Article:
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Wed 16.9.

‘Lanserhofwiese’ in Salzburg / Austria by Wimmer Zaic Architects

Posted by Nora Schmidt on 16.09.2009 - Tagged as: , ,

'Lanserhofwiese' in Salzburg / Austria by Wimmer Zaic

'Lanserhofwiese' in Salzburg / Austria by Wimmer Zaic

Housing shortage is a major urban problem, especially for alpine countries. In 2005 the city of Salzburg developed an overall housing concept which included the creation of at least 300 apartments per year. Apart from new site development on the outskirts, urban densification of existing residential areas was included.

One successful example is the project ‚Lanserhofwiese’ by the Austrian architects Wimmer Zaic Architects. The 74 000 sqm site is covered with buildings of the 1970s which the Salzburg-based architects completed with four extended apartment blocks and one solitaire.

The solitaire

The solitaire

Here is what the architects say:

The buildings along Moosstraße are rhythmical, and quiet, and linear. By their structure they do not form a barrier against Moos­straße but are in an interaction with street and surrounding buildings. There are insights and vistas. Between the buildings, which stand in varying distances to each other, there are free spaces of ways. The buildings have three storeys and in the fourth storey there are some punctual cubes.

The buildings along Moosstraße are painted with the basic colours “red/yellow/blue”and the mixed colour “green”. On each building these colours are applied in varying nuances so that a differentiated and lively aspect is created.

Walers along the street

Extended apartment blocks along the street

The buildings are oriented towards west, the sides of the buil­dings towards Moosstraße have covered walks (outdoor corridors) which provide noise protection. The apartments have loggias facing west which are formed by retractions into the skins of the buildings. The parapets have parapet walls so that the plaster facing is continued. Through the loggias the deep sun shines into the buildings but the high sun is shut out. This concept also contributes to the aspect of saving energy: the windows to the west are large, which enables the natural use of solar energy and the reduction of artificial energy.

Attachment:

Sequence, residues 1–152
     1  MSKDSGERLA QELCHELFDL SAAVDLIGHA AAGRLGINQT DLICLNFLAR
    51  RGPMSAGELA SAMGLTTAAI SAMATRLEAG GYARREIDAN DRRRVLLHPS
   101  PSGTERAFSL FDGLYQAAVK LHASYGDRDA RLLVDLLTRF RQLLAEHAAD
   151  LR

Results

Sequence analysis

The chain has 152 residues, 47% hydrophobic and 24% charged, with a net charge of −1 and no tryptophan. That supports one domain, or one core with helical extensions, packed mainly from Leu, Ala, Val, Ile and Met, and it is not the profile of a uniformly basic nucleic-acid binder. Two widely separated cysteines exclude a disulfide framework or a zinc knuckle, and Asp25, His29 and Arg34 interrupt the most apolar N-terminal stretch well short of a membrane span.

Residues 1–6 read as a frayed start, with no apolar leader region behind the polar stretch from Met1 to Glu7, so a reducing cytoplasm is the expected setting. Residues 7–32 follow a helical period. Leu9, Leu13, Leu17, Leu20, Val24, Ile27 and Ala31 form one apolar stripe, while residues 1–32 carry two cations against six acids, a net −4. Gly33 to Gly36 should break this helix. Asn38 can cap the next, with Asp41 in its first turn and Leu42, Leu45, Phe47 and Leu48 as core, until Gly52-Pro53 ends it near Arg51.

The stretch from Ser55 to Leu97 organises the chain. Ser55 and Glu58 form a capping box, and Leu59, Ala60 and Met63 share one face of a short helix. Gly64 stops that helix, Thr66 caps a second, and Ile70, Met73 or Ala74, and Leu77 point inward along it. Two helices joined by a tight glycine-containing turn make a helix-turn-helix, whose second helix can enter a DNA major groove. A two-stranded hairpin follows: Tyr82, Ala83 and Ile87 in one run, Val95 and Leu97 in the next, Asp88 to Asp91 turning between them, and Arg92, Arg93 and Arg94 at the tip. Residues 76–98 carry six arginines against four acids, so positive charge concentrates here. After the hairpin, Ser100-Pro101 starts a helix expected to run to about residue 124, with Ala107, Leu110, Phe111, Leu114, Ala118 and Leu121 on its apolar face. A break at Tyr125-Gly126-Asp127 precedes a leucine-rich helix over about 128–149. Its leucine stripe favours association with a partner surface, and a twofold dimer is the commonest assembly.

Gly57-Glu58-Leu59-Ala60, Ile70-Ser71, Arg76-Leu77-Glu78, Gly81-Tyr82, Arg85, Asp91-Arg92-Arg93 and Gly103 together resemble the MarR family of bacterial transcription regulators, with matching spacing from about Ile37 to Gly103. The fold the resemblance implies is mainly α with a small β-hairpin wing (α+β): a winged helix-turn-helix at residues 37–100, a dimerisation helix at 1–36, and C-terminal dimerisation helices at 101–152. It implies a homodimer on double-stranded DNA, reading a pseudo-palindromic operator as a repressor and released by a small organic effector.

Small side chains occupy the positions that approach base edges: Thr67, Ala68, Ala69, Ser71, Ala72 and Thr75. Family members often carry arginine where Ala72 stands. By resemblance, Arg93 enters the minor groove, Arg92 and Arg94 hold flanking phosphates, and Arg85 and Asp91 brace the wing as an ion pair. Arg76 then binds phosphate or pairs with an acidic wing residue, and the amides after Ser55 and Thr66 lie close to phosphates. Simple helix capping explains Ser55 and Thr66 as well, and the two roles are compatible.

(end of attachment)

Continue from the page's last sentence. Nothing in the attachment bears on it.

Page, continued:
In the centre of the building site a solitaire rises and towers the other buildings along Moosstraße in its third dimension. This “solitaire” is meant to decisively enlarge the pattern of the whole site. The large space inside allows a building of that size, a point of orientation in an otherwise free view on the surroundings.

The zone of the ground floors is kept free and transparent. Thereby a hovering and airy picture of the tower is achieved. Only the vertical element – the glass lift tower – is to be seen.

View from the solitaire

View from the solitaire

The succinctness of the tower is – apart from its dimensions – achieved by its quiet plaster facing, which has only punctual windows. Only in the uppermost storey there is a round band of balconies with a round glass parapet. On the other hand there are cubes protruding from the tower which are also marked by their colouring. The cubes are covered by large aluminum plates which give the tower a somewhat strange appearance. Onto the plates pictures of the “Sahara” are printed, a sa­tellite photograph of Geospace Ltd. They can also be found on the retreating walls of the “solitaire”.

Project team: Robert Wimmer, Michael Zaic, Dagmar Braitenthaller, Daniel Drücker, Manuel Dornstauder, Thomas Hahn, Martina Lodek, Thomas Kögl, Petra Waldmann, Reinhard Wimmer

Start of planning process: February 2000

Start of construction: May 2004

Date of completion: October 2007

Construction costs: about 10 Mio. €

Land area: about 74.000 square meters

Net floor area: about 5.500 square meters

Gross floor area: about 12.000 square meters

Cubic contents: about 33.0000 cubic meters

to the Wimmer Zaic website

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